This essay explores the formative but largely unacknowledged role played by women in shaping the material and intellectual cultural productions of the mimeograph revolution in mid-century New York City. I argue that women poets used their positions as editors of little magazines to claim space – material, textual, cultural, and metaphorical – in literary and social networks in which they faced gendered marginalization. I suggest that the varied success with which they were able to do so reveals the complexities of editing, the uneven nature of the influences of gender, the determining role of domestic spaces, and the significance of affective labor in relation to the mimeograph revolution.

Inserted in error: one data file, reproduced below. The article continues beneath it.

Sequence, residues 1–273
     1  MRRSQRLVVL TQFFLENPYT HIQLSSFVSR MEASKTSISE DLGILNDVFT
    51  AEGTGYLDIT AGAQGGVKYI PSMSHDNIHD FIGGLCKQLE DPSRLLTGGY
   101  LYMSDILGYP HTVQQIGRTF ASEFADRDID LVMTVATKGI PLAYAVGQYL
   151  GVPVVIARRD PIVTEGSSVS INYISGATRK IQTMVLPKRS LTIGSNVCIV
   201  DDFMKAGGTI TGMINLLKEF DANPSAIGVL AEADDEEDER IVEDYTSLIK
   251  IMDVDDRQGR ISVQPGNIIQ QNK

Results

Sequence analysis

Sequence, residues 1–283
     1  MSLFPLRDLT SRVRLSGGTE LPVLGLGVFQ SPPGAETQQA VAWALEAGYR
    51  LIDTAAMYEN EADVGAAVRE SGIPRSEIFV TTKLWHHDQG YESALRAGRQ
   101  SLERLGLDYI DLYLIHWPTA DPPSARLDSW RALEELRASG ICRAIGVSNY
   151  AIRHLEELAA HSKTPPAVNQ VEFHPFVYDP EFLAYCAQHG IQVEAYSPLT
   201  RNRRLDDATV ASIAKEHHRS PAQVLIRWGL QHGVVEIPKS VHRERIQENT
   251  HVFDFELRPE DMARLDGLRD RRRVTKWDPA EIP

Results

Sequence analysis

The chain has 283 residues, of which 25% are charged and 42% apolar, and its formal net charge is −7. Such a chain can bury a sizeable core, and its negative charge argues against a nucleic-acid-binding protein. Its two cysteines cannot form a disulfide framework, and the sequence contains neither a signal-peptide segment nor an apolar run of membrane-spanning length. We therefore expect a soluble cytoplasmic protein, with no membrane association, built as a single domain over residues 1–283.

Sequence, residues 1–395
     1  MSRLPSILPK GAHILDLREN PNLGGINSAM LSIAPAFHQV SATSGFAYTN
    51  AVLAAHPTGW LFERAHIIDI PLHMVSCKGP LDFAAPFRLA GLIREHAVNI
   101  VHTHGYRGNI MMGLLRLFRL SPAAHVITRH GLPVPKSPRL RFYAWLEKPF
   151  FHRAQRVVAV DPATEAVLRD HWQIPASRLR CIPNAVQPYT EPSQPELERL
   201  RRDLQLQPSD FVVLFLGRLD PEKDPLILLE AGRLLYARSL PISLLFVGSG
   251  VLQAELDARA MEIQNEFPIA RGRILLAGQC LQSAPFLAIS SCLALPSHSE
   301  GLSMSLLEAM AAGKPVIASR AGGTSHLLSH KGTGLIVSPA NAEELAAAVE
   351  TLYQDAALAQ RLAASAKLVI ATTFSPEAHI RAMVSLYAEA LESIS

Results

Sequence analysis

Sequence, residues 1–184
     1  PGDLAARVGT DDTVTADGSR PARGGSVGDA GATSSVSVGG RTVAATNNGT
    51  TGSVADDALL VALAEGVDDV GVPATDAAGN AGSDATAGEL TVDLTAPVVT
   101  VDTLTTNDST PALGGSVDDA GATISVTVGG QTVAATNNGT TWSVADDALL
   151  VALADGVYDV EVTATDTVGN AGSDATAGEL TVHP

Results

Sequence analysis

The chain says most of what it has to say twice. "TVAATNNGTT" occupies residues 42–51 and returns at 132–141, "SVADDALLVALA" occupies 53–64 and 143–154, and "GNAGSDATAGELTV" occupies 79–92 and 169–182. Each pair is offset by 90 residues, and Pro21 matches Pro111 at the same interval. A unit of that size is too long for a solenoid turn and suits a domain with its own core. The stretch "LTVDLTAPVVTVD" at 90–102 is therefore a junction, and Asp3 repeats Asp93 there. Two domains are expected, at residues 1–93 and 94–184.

|Journal||Journal of American Studies|
|Early online date||17 Aug 2020|
|Publication status||E-pub ahead of print - 17 Aug 2020|
ASJC Scopus subject areas
- Arts and Humanities(all)
- Social Sciences(all)